An Introduction To BDSM

Posted by: Center for Growth Therapists

The popularity of 50 Shades of Grey has sparked curiosity of the BDSM world for many. Although the blockbuster brought attention to the BDSM world, 50 Shades Of Grey does not do a particularly good job representing the kink community nor give its fans safe and informational guidelines. You may feel curious about exploring within BDSM, such as spanking or bondage but do not know where to start. First here are some basic definitions to get to know.

 

BDSM stands for Bondage/ Discipline Dominance/ Submission and Sadism/Masochism. Before we delve into the specifics of BDSM, let’s start with some need to know definitions. The term kink can also be used to describe behaviors within the BDSM scope.

Bondage: Acts that involve physical restraint of a partner. There are different types of bondage, including lite or heavy. Some types of bondage include handcuffs, tape or rope.

Dominant (Dom): A person who exercises control, contrast to submissive. Dominant control can be exercised by giving the submissive orders or spankings.

Submissive (Sub): A person who gives up their control either all the time or for a specific period of time. A submissive can give up control by being whipped or completing tasks for the dominant. These tasks can be sexual or non-sexual. For example, a submissive may be ordered to massage their dominant counterpart or do their laundry.

Switch: A switch is someone who switches from dominant to submissive roles and vice versa either from relationship to relationship or within relationships.

Sadism (kink specific): The act of inflicting pain for pleasure.

Masochism (kink specific): Act of receiving pain for pleasure.

            Pleasure in BDSM does not necessarily need to be sexual. Some people who participate in BDSM do not have sex with their partners at all. A person who gets pleasure from inflicting pain on their partner, gets pleasure from seeing their partner enjoy it. It can be just from the rush of being dominated or dominating.

Flogger: A whip that has many tails that can be used on most parts of the body, but particularly the back, bottom, or thighs.

Paddle: A tool used for spanking that comes in different shapes, sizes, weight, and material

Limits: A place or activity where a participant does not wish to go. Limits are constantly changing or expanding or being pushed (consensually). For example, a person’s limit might be knife play, meaning they do not wish to incorporate knives into the scene.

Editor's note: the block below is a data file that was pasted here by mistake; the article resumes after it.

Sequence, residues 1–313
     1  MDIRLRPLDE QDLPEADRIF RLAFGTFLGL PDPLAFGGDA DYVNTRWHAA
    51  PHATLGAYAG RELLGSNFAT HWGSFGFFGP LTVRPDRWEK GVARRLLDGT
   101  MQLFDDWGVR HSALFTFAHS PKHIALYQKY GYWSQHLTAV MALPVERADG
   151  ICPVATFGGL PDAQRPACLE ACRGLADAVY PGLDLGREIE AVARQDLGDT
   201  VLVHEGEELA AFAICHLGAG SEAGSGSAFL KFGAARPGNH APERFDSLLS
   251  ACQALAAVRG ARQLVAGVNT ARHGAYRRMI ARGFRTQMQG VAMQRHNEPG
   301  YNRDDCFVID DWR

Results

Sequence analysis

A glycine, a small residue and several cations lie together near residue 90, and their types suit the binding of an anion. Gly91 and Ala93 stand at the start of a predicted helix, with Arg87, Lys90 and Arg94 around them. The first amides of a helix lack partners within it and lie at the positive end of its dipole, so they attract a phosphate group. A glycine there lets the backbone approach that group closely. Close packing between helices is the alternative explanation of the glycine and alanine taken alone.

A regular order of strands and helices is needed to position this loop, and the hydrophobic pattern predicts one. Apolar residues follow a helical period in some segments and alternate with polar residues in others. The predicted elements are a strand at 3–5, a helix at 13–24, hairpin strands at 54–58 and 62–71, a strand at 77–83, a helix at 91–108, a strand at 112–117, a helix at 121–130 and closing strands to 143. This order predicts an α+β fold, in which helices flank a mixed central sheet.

Scene: The act of participating in BDSM roles and practice. For example, the dom started out scene by spanking his submissive.

Subspace: A place the mind goes when the endorphins kick in from a scene of submission or when they feel a very strong connection to the dom. Can be described as floating on a cloud. In subspace, it may be difficult for the sub to talk or respond so it is encouraged that the dom constantly checks in with their sub to reduce injury.

One of the most important aspects of BDSM to keep in mind is RACK or Risk-aware consensual kink. This term acknowledges that there is some risk involved with kink behaviors, but is completely consensual. The BDSM community utilizes RACK as a way to differentiate kink from physical and sexual abuse. BDSM is entirely about consent and communication around the wants and desires of all people involved. Risk aware means that both/ all partners involved are well- informed of the risks involved with the proposed activity. Basically, risk-aware allows partners to acknowledge that nothing is ever 100% inherently safe. Therefore, the purpose of RACK is to make BDSM “safer” and not “safe.”

The consensual part of RACK states that all parties are giving their full consent to partake in mutually agreed upon “risky” activities and acknowledge the risk. An important component of RACK is that each individual is responsible for all parties involved. Every person has their own definition and threshold of different BDSM activities, therefore each participant is responsible for their own well-being within RACK.

A conversation between partners may include feelings about alcohol, drugs, relationship expectations and limits. For example, one person may not feel comfortable participating in a scene if there are drugs and alcohol involved whereas others may be okay with that.

 

It is important to have a conversation with your partner about your expectations and limits if you are interested in experimenting with BDSM. This tip is just the basic information about certain BDSM terminology. If you are interested in more information please contact the Center for Growth to speak with a therapist.